There are calls for safety measures to be introduced on Helvellyn, after the fifth death on the mountain this year.
During the latest incident, on Saturday, a man suffered fatal injuries when he fell from Striding Edge. It follows two deaths in January, one in February and another in April.
Helvellyn is popular with fell walkers but conditions at the summit can be treacherous, even in summer.
There were 11 deaths on peaks in the Lake District last year and 14 in 2013.
Suggestions for safety restrictions include allowing only guided walks and adding warning signage on main access routes.
With a 950m (3,117ft) summit, Helvellyn is England's third highest peak.
It is a popular year-round destination, but in winter there can be driving rain, snow drifts, and wind chill temperatures of -16C (3F).
Even in summer there can be poor visibility and a sharp drop in temperature at higher levels.
Fell walker Linda Howard-Bates said: "It's beautiful, it's enticing, but nature can be vicious and cruel, and you just have to put that in the foreground."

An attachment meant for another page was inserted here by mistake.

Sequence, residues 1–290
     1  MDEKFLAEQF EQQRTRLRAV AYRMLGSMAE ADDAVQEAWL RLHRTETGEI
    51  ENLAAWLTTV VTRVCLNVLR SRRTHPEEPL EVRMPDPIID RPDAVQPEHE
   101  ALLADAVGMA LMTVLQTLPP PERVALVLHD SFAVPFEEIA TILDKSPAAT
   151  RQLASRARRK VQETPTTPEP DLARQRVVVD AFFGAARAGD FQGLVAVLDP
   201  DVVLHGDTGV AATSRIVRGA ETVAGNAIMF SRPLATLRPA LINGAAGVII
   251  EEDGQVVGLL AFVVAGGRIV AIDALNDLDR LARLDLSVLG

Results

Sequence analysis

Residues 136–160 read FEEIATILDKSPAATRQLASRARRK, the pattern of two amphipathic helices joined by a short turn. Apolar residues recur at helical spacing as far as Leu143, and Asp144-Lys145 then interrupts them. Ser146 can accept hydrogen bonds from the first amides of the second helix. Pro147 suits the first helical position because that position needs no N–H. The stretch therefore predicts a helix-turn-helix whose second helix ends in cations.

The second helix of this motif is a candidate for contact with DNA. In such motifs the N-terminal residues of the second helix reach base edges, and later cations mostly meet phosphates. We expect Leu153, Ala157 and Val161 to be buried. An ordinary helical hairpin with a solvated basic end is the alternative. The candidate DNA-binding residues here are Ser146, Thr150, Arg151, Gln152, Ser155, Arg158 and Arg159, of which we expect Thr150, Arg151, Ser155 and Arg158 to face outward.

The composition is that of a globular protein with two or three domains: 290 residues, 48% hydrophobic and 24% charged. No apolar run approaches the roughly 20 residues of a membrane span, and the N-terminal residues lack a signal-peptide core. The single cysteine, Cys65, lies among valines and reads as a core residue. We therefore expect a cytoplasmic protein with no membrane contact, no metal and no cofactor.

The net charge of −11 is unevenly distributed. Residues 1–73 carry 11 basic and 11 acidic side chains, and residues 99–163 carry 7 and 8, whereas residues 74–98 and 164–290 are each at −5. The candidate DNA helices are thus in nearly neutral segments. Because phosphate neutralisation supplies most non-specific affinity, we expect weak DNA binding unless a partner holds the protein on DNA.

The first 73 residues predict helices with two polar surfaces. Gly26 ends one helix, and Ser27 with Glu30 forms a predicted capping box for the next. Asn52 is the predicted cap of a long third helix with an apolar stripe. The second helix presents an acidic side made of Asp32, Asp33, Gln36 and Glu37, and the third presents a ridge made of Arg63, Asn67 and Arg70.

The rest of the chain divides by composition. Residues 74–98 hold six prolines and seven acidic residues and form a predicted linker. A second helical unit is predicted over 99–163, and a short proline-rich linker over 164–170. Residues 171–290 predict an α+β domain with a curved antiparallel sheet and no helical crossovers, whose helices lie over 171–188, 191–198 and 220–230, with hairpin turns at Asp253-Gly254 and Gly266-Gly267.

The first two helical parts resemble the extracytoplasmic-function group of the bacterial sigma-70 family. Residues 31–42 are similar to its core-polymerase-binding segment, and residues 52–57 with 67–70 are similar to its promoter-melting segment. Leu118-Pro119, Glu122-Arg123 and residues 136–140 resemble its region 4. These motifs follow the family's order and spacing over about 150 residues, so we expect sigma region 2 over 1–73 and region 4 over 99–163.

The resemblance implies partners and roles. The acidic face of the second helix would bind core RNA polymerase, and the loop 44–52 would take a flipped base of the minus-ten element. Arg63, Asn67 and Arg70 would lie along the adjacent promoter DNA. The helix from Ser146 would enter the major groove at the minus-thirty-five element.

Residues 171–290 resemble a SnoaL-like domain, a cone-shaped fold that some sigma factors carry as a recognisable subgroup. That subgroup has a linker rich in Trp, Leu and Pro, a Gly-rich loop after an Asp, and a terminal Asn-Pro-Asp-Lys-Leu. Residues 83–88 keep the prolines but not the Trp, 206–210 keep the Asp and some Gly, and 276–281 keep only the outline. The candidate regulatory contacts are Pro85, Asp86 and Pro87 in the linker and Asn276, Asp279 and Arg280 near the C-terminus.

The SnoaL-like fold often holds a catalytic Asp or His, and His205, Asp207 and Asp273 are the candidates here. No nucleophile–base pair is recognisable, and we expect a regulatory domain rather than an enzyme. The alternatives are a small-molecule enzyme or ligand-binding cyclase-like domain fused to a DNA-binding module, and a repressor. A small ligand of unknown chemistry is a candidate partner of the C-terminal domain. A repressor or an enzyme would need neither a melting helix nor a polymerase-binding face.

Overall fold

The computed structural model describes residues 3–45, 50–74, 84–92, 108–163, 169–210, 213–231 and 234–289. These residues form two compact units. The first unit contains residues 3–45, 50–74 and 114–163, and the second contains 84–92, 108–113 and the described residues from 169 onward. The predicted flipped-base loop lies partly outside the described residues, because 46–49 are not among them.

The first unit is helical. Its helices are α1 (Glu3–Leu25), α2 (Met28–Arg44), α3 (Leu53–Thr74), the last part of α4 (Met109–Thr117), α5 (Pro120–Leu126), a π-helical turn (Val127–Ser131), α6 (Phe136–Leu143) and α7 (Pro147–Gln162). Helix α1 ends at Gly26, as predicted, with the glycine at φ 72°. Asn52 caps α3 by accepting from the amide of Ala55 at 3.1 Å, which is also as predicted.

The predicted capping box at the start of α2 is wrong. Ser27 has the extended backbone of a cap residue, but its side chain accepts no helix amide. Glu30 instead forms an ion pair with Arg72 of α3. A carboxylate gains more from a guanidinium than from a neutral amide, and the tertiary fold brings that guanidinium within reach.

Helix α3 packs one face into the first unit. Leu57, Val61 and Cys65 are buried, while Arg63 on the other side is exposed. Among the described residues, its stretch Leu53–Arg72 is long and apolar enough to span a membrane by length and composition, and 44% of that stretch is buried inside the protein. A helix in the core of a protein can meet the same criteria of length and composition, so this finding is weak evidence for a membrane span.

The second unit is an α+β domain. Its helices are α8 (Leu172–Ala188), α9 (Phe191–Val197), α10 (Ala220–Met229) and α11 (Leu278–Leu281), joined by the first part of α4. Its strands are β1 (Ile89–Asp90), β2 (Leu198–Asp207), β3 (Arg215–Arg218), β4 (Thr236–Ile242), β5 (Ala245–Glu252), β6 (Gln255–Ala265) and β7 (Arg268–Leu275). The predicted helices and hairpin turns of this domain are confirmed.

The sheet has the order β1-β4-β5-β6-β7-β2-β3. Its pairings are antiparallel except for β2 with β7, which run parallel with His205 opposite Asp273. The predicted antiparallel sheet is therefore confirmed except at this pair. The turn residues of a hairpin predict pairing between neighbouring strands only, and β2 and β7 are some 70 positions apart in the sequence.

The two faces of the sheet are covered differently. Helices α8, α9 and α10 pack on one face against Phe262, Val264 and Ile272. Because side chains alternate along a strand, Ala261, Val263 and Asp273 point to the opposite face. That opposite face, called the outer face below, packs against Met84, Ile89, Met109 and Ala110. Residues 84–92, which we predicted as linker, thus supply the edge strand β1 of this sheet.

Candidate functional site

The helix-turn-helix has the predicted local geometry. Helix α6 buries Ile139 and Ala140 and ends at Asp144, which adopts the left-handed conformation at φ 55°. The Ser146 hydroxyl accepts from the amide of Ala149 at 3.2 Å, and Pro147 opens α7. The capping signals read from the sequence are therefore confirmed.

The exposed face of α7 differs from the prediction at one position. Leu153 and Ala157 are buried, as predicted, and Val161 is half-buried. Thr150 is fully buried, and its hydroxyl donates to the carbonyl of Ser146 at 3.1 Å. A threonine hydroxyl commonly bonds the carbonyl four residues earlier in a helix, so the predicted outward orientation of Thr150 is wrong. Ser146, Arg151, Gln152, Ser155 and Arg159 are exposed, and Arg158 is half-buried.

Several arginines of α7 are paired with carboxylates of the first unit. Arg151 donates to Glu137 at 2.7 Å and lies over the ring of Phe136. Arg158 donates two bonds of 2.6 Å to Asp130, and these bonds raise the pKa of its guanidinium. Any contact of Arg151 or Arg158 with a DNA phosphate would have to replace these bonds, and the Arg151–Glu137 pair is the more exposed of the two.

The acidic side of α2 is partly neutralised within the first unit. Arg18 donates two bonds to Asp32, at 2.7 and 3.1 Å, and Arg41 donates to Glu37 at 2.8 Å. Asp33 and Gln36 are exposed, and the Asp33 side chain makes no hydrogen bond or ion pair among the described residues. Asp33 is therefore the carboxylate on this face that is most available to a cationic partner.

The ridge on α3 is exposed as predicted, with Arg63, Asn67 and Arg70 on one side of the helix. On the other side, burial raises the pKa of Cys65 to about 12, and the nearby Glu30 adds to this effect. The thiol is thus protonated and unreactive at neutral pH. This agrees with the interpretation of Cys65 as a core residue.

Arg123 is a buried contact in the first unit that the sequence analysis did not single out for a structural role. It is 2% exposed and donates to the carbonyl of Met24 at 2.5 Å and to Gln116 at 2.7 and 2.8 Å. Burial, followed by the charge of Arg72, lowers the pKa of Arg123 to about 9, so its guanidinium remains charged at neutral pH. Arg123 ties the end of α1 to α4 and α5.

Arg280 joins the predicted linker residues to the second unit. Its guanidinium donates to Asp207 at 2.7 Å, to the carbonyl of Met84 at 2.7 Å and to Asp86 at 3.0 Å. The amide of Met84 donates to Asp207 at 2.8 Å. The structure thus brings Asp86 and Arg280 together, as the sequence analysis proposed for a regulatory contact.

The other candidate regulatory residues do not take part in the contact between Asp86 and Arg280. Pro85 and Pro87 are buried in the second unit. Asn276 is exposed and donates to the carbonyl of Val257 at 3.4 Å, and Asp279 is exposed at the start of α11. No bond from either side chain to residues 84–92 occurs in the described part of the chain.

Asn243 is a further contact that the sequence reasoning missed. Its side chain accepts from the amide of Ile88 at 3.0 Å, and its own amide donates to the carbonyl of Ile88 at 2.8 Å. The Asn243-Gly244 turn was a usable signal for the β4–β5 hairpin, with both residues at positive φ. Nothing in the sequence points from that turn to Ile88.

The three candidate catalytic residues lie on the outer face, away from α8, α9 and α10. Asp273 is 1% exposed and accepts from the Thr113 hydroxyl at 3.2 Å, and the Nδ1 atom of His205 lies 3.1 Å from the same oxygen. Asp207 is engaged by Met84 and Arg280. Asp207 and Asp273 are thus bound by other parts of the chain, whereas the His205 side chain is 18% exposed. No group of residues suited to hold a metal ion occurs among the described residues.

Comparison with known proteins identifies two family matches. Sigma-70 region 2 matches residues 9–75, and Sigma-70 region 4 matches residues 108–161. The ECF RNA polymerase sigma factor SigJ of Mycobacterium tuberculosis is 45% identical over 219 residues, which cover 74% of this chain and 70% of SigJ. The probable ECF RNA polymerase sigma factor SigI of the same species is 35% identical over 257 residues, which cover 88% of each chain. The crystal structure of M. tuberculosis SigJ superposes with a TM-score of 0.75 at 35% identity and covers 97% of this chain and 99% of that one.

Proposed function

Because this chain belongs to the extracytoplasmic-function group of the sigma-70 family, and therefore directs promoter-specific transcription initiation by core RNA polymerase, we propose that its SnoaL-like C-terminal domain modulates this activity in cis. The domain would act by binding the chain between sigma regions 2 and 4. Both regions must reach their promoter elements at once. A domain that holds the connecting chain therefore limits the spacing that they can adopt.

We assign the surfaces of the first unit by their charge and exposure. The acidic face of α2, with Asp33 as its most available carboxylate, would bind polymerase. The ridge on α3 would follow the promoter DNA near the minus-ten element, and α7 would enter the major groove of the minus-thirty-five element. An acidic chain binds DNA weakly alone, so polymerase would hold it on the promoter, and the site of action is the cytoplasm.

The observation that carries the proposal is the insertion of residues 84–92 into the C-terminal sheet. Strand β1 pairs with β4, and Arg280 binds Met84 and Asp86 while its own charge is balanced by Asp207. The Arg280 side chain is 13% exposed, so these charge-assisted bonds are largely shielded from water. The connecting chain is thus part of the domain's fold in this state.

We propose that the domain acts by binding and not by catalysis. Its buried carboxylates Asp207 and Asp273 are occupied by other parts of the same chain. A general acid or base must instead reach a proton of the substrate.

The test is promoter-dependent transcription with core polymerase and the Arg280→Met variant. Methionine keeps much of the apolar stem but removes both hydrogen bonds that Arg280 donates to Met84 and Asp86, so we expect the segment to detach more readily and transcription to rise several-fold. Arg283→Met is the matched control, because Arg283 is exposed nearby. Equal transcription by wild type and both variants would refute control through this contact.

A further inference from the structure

One of her friends - also an experienced walker - was a killed in a fall on Helvellyn.
She said: "No matter how careful you are there is always an element of danger.
"It should be possible to enforce some sort of guide system."
Patterdale Mountain Rescue Team is regularly called out to assist injured or lost walkers.
Its deputy leader Mike Rippon said: "The key to these deaths this year, I think, are the usual accidents like slips, trips and falls, which can never be prevented from happening.
"They happen in the workplace, they happen in day-to-day lives, but unfortunately in mountainous areas these can be fatal.
"We can't understand how a guide would prevent a trip or slip fall, to be fair."